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I made a very simple fractal generator that prints out each step; I want to put it in a presentation I made. The tool with which I'm making the presentation obviously doesn't support pygame, is there any way to save it as a video? Preferably as an animated .gif or the like.

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You could repeatedly save the screen using pygame.image.save(), documented here, and then use the images2gif.py script to turn them into a gif. – machow Jun 6 '12 at 21:17
up vote 1 down vote accepted

Not directly. But you can save a screencast of your program with one of the many available utilities that do this.

I don't know about Windows or OSX, but if you are on Ubuntu or other gnome-based desktop you can either use the gnome-shell built-in functionality (standard keybinding is Control+Shift+Alt+R) or istanbul (more info here).

Googling screencast <your-os-here> should help if you are not on Ubuntu.

EDIT: One you saved the video you can easily convert its format - if you so like - with other utilities. Here is a how-to on how to convert from ogv (the standard output for linux screencasting) to animated gif.

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Mint, actually. Pet peeve: assuming that anyone using linux is using ubuntu. – Glycan Jun 6 '12 at 21:16
@GLycan - ...I actually wrote "...or other gnome-based desktop!" (thinking to Fedora, actually, more than Mint...), but I am nevertheless happy you found my answer useful. :) Also forgot to mention (but maybe you know this): gnome-shell is not the standard Ubuntu/Mint desktop, you need to install and login in that mode if you want to use that method. If you are on Fedora, gnome-shell is default. ;) – mac Jun 6 '12 at 21:23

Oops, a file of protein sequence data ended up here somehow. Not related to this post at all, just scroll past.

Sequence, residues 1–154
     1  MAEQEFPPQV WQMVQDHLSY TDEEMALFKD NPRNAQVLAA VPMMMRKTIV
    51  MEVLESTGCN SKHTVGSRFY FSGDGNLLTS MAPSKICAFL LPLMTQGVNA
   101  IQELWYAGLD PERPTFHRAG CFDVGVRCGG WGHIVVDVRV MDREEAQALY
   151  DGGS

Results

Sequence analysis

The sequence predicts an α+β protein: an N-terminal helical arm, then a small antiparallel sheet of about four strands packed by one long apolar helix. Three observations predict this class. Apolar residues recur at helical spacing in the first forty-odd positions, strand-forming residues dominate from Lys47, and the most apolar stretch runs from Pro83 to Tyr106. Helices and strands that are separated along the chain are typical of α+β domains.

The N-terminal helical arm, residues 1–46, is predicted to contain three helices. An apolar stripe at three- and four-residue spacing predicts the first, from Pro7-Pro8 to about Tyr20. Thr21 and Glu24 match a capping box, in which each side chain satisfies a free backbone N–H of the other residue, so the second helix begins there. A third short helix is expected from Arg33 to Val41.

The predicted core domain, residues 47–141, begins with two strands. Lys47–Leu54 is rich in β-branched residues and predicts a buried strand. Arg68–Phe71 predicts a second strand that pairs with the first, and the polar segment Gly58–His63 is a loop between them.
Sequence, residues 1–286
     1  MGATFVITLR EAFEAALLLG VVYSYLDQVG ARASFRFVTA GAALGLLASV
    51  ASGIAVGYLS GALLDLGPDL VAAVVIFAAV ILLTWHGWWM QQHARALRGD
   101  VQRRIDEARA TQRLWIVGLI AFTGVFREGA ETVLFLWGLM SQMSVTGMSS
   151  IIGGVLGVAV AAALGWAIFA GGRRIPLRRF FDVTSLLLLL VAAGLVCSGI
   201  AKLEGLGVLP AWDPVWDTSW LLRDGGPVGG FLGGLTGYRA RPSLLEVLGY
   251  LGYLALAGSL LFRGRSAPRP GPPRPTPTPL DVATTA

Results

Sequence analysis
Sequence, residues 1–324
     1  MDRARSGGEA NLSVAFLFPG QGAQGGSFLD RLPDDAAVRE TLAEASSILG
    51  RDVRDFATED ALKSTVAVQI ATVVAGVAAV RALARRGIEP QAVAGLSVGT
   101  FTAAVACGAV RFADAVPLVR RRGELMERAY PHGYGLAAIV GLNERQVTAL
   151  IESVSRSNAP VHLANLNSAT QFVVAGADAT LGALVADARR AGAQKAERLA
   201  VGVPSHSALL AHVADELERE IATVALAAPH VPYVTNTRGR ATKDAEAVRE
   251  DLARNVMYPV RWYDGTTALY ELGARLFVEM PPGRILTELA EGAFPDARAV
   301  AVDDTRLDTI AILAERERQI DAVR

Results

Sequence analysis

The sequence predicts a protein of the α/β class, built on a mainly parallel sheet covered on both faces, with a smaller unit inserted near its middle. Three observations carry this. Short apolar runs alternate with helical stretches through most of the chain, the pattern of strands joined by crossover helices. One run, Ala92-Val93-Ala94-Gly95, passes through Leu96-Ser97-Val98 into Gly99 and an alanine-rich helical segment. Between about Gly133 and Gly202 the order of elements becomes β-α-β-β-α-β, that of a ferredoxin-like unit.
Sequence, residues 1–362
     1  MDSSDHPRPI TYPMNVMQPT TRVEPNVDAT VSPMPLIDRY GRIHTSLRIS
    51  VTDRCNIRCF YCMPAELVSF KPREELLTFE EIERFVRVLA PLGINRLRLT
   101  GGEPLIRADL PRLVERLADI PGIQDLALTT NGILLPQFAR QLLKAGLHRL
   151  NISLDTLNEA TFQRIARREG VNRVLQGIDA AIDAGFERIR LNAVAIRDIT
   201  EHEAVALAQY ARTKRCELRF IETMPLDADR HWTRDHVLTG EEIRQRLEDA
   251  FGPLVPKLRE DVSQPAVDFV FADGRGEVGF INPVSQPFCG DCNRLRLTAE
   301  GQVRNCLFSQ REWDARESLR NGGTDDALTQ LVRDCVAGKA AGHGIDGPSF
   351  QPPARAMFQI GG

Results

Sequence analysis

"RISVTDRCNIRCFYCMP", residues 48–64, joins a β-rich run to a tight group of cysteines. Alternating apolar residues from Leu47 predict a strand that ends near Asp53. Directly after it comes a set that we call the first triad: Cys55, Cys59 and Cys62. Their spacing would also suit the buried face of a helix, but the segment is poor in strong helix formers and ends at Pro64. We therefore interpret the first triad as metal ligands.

http://visvis.googlecode.com/hg/vvmovie/images2gif.py -- python package for making animated gifs.

I used it recently for the first time (in conjunction with pygame), so this is not guaranteed to be best practices, but it did work. Here's the code, here's the result


UPDATE: Over time I've decided that images2gif.py is mediocre (produces unnecessarily large files) and unreliable (sometimes randomly fails to load and run). My new preference is to call imagemagick using subprocess. Example code here. Here is a shorter example in Windows (from the comments).

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Nice, I did not know about it! +1 for me! :) – mac Jun 6 '12 at 21:30
After having looked around a while for a way to generate animated GIFs using Python, I've now come to agree that your suggested method using subprocess and ImageMagick is the best approach. I threw together a more minimal example here: pastebin.com/JJ6ZuXdz – andreasdr Nov 4 '14 at 19:39

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